In middle class towns across Long Island and nationwide, the high school football player trains, in many cases, year-round for what amounts to a less than a three-month season. Football players are required to lift weights and begin their practices in mid- to late-summer. These practices can last two-plus hours in some cases and are usually performed in 90 degree heat, oftentimes twice a day. This is a requirement, otherwise you cannot play.
The coaches rarely tolerate a note from a parent for a child to leave practice early because of a doctor’s appointment, orthodontic appointment or a similar excuse. Yet, in my game, the great game of tennis, the game that can be played for a lifetime, many of the participants want to be on an athletic team but just don’t take it quite as serious. The parents of some of these participants might be as guilty as well thinking that the coach won’t mind if they miss a practice here or there. Now I am saying it as blunt and straight as I can … short of an academic excuse or a major health issue, “you come to practice or you’re off the team.” Plain and simple, I cannot make it. Of course, I am not talking about some of the top USTA ranked players who might be leaving their team practice to practice elsewhere. I am talking about the high number of members of these teams who play tennis only during tennis season so they can have something nice on their transcript. Some do not bother to train in the offseason, whether it is some weight training, cardiovascular work or the obvious tennis drills like hitting a tennis ball. I know this for a fact because some of my students show up just three to four weeks before tennis tryouts looking for the magic pill to make them a tennis player. Guess what, there is no magic pill. If you want respect from your athletic peers, you have to prepare and do the things that work.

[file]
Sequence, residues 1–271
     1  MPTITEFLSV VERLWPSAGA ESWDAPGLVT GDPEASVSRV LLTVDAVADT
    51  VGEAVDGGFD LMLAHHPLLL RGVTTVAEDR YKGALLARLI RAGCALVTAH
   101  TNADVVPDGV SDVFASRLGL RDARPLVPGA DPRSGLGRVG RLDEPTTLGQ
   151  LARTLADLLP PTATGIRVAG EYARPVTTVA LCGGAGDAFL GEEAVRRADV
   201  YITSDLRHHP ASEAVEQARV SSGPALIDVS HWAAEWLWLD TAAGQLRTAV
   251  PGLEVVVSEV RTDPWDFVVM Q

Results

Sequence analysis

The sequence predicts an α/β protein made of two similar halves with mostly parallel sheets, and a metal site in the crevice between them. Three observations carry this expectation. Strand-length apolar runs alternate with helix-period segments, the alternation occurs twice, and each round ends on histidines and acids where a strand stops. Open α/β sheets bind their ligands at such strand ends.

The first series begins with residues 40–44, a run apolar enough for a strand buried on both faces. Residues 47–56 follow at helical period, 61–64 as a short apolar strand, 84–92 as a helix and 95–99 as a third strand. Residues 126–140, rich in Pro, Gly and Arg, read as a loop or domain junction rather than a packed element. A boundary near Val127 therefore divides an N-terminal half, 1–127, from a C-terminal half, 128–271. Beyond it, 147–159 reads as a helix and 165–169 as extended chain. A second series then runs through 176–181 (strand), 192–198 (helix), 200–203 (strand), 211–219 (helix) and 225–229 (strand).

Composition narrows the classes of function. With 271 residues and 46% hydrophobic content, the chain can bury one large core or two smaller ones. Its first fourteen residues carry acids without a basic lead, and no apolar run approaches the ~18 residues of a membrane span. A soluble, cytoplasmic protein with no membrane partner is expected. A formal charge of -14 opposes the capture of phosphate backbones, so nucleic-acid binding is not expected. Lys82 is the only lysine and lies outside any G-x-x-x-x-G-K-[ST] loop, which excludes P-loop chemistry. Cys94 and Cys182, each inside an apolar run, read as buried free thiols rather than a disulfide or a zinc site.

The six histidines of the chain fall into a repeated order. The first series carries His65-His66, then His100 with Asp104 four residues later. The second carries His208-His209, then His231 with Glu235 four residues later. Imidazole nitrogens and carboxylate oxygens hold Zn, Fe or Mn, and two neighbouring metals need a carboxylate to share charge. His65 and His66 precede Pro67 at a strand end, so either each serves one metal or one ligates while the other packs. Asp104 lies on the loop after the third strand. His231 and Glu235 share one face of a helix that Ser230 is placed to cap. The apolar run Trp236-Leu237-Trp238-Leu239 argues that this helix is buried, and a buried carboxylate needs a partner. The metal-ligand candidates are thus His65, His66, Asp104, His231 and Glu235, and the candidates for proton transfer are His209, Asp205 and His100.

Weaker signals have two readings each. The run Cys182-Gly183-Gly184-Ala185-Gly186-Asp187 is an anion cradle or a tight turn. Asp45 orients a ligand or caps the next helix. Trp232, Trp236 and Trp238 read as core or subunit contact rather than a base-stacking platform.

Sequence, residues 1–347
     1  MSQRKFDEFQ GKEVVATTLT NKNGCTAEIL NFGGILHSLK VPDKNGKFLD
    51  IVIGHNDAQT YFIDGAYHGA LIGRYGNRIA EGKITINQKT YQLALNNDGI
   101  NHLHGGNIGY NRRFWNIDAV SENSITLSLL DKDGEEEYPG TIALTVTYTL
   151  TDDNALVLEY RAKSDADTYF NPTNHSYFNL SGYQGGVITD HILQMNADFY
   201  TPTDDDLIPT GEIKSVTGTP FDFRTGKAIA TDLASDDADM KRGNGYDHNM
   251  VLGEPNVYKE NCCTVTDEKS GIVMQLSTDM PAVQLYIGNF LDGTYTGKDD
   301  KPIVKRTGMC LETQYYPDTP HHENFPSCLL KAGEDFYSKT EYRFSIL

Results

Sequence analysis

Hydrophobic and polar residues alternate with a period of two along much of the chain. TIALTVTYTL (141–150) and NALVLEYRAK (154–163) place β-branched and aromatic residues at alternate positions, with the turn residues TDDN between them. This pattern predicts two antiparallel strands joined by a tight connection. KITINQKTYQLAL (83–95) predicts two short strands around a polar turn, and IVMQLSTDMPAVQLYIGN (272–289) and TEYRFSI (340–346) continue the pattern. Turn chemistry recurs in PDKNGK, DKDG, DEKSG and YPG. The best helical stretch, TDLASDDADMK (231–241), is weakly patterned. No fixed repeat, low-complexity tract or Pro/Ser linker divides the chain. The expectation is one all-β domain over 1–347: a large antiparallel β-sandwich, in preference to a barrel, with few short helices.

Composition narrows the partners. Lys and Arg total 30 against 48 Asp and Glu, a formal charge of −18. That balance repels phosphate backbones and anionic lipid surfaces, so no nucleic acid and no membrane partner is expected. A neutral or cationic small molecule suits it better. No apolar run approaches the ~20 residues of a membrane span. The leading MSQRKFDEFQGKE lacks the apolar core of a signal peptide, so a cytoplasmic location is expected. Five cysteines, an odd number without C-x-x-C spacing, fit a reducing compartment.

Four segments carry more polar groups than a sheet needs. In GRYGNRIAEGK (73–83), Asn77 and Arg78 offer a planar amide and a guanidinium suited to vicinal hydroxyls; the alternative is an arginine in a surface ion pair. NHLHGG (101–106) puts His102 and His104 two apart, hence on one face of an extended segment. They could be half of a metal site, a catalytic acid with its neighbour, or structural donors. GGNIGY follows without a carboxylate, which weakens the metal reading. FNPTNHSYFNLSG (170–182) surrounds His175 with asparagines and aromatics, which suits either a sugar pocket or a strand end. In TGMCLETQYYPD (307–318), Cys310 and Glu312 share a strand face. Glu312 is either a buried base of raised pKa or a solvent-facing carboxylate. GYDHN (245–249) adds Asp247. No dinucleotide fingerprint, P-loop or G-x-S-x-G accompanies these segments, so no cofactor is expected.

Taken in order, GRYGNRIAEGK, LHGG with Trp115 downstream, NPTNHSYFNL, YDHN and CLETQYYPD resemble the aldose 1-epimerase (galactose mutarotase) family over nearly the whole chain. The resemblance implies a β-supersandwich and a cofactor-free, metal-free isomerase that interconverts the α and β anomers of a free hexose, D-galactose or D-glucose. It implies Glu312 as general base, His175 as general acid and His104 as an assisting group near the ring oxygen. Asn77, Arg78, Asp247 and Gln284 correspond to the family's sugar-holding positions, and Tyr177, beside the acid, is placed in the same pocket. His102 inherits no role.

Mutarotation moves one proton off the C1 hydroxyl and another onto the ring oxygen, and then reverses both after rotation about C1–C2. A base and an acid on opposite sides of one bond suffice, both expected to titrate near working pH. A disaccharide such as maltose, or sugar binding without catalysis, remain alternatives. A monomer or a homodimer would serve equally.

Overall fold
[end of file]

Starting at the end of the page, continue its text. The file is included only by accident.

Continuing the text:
I was recently at a gathering with some other families who have teenagers that participate on the tennis team. The comments coming from them were just unbelievable to me, “Oh, the coach did not like my child because he missed practice because of orthodontic appointments, he was too tired that day, etc.” I am a tennis coach, so this is something I am admittedly more sensitive to. Come on, if you want respect from your peers in the athletic arena, you damn well better take it serious. Suffice is to say they did not agree with me. But I am a tennis coach, what could I possibly know? I am blunt on this topic and even opinionated maybe to a fault. Like any successful coach though, commitment is demanded and nothing less is tolerated. This is how I feel on this matter. Just imagine the football, basketball and baseball coaches allowing this. Maybe if the coaches on some of these tennis teams give their players some tough love, the tennis team in some of these schools would earn a little more respect. The high school caliber player will improve and that helps the sport in general. Come on high school tennis coaches and players … if you want more respect … go and earn it. Tennis is a game that requires brains, brawn and commitment!
Lonnie Mitchel is head men’s and women’s tennis coach at SUNY Oneonta. Lonnie was named an assistant coach to Team USA for the 2013 Maccabiah Games in Israel for the Grand Master Tennis Division. Lonnie may be reached by phone at (516) 414-7202 or e-mail firstname.lastname@example.org.